OR WAIT null SECS
With more people working from home, employers should rethink how cost-of-living impacts salary negotiations.
When looking for life sciences research talent, many companies know the obvious places to go: Boston/Cambridge, San Francisco Bay Area, and San Diego. Those also are among the most expensive places to live in the country.
There’s a way for life sciences companies to gain a slight competitive advantage in hiring and retention: Hire in markets with a lower cost of living. This strategy has grown more feasible in recent years as the supply of life sciences talent has expanded in markets beyond the industry’s traditional strongholds.
Here’s the basis of this theory:
Unlike most occupations, life sciences salaries do not vary much across metros in comparison to the cost of living. From the top market for a biochemist salary (San Francisco Bay Area) to the 25th ( Nashville), the difference in salary is $31,054 compared to the difference in cost of living of $43,218, according to the Economic Research Institute. Put another way, in Houston, the average biochemist salary is 204 percent of the cost of living. In the Bay Area, it’s 128 percent. While biochemists in the San Francisco Bay Area would not be struggling by any means, all things being equal, they would not have the same amount of financial freedom as their Houston counterparts.
From an employee perspective, metros such as Houston, Raleigh-Durham, or Atlanta may be more favorable strictly in terms of financials. This even takes into account state income taxes, which vary greatly across the U.S.
The benefit is less financially direct for companies. They don’t get the usual cost savings of paying lower salaries in markets with a lower cost of living because life sciences wages are relatively rigid across markets. However, companies could cite a market’s lower cost of living in recruiting and maintaining life sciences talent.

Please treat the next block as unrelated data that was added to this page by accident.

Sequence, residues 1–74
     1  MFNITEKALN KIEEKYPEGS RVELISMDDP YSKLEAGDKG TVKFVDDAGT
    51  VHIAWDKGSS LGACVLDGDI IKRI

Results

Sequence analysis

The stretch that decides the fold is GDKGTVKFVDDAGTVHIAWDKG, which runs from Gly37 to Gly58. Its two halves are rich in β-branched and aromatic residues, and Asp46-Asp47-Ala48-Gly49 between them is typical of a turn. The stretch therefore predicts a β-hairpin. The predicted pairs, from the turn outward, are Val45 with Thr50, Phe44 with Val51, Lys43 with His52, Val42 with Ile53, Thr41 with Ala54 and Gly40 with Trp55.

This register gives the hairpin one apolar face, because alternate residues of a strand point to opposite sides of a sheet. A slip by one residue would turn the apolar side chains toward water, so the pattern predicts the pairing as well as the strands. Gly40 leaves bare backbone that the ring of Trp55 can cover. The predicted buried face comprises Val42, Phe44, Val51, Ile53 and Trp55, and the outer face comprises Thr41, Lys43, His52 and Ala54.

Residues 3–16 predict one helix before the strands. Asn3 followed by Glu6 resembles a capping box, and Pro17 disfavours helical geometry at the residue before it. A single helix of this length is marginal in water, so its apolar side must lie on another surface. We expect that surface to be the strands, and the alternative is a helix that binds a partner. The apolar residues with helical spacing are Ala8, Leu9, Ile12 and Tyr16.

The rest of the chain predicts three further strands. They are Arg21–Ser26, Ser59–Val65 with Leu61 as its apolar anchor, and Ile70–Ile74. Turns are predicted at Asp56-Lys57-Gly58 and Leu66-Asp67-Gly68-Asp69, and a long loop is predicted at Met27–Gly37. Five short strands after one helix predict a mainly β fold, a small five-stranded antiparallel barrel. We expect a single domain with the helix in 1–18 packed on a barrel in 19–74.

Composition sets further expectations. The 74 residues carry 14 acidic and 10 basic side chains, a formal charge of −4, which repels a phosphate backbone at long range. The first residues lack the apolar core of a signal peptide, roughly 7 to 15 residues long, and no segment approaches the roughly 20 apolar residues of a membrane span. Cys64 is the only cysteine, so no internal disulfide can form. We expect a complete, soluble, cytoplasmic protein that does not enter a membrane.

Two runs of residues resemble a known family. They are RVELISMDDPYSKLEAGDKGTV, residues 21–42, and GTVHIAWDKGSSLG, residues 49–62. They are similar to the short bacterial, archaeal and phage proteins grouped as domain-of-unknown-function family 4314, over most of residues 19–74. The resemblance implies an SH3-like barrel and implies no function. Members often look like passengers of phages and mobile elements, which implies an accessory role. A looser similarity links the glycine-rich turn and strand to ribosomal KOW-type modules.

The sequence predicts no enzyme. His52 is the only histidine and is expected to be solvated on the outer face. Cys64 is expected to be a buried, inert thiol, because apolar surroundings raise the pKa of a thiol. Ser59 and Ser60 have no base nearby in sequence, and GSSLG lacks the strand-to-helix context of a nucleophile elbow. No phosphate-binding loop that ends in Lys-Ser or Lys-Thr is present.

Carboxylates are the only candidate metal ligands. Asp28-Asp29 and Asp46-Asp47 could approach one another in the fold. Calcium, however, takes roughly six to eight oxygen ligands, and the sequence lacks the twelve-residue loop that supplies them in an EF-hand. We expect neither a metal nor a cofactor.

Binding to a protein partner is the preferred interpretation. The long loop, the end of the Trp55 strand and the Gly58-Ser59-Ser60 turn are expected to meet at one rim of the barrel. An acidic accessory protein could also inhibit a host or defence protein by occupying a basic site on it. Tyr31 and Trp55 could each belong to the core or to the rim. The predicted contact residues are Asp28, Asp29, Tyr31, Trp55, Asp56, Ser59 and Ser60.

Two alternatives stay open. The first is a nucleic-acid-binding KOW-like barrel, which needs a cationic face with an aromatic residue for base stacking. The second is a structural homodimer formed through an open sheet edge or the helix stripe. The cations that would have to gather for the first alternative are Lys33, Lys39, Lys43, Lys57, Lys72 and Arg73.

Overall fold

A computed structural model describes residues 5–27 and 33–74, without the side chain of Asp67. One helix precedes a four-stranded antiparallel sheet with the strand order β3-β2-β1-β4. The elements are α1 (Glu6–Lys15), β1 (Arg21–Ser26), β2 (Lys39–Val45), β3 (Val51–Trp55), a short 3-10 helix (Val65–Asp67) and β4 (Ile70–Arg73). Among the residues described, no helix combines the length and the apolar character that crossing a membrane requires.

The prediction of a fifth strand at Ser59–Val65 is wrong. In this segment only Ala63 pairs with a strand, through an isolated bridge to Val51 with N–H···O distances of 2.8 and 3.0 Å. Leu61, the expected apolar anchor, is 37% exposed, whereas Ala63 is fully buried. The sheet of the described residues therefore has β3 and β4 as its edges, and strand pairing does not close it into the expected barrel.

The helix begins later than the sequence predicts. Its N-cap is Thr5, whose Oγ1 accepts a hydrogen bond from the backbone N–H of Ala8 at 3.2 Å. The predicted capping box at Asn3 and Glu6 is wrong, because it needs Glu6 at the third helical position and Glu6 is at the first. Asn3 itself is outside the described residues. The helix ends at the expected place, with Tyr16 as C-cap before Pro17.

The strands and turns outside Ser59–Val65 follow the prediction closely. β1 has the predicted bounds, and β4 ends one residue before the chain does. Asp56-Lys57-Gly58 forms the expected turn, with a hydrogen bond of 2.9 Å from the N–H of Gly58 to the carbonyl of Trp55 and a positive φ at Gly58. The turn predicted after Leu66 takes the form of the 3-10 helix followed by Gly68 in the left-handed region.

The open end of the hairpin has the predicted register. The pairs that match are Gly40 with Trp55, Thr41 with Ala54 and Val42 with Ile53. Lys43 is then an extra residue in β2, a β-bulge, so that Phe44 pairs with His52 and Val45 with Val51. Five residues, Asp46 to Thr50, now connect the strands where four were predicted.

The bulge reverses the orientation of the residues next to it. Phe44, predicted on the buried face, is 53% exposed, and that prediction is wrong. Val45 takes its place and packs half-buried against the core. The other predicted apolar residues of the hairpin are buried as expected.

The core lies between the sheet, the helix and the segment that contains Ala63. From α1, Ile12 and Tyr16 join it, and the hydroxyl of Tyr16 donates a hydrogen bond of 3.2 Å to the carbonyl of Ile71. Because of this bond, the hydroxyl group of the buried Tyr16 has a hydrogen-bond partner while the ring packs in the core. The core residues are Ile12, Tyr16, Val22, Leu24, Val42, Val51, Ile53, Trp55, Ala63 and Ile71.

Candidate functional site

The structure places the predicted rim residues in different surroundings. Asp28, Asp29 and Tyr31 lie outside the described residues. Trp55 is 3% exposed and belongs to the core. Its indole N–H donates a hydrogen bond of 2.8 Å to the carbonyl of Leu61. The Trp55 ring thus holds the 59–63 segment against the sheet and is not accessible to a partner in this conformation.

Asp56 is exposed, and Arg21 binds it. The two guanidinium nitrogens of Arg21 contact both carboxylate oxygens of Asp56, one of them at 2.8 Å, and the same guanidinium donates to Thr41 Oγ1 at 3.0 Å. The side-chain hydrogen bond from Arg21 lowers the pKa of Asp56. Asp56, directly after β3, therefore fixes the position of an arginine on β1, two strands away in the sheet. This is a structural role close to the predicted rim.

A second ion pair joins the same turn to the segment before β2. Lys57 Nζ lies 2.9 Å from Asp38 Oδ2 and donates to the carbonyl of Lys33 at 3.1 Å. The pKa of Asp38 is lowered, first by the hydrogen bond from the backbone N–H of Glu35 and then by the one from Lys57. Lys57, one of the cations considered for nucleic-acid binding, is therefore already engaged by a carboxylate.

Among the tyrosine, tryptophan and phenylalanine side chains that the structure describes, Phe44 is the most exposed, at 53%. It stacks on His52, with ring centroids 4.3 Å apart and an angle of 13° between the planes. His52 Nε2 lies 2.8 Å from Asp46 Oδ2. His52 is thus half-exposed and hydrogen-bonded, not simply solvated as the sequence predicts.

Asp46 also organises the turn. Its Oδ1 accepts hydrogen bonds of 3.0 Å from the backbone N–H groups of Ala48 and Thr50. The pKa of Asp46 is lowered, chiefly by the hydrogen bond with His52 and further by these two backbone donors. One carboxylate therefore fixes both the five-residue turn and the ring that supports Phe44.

Interestingly, of the top 25 U.S. life sciences markets for researcher talent, as ranked by a recent CBRE report, Nashville had the lowest cost of living at $48,112 and the highest five-year employment growth at 110 percent. In fact, 17 of the top 25 U.S. life sciences hubs had below average cost of living. Five-year researcher occupation growth was positive in all metros with cost of living under $52,000 and all but 3 metros under the average cost of living of $60,073.
Granted, this theory can be a bit simplistic. There are additional factors that influence where life science talent works, including close proximity to universities, research institutions, and established clusters of talented peers. For those reasons, life sciences companies may opt for metros with large clusters of life sciences talent and a strong pipeline of upcoming researchers. Boston/Cambridge, Washington, D.C./Baltimore, and San Francisco Bay Area are the top three markets for life sciences researcher talent, according to a recent CBRE report.
Still, a myriad of other business factors must be considered, including real estate costs. As of this year’s second quarter, average asking rates for laboratory space in Boston/Cambridge are $101.85/sq. ft. with top-of-the-line space going for $130/sq. ft. in the urban core. Compare this to Raleigh-Durham, second for best salary to cost of living ratio, where rates are $38.50/sq. ft. Or consider Washington, D.C./Baltimore, second for top life sciences research talent clusters, where rates are $41.46/sq. ft.
From a financial perspective, this means two very different things for researchers and employers. For employees, the gap between life sciences wages and a metro’s cost of living can be a boon. For companies, the benefits are more strategic than directly financial. Excluding real estate financials, education and occupation data play the main role in determining the best markets for life sciences employers to put down roots in order to attract the best talent.
Taylor Stucky is a CBRE Senior Research Analyst specializing in Life Sciences based in Reno, NV.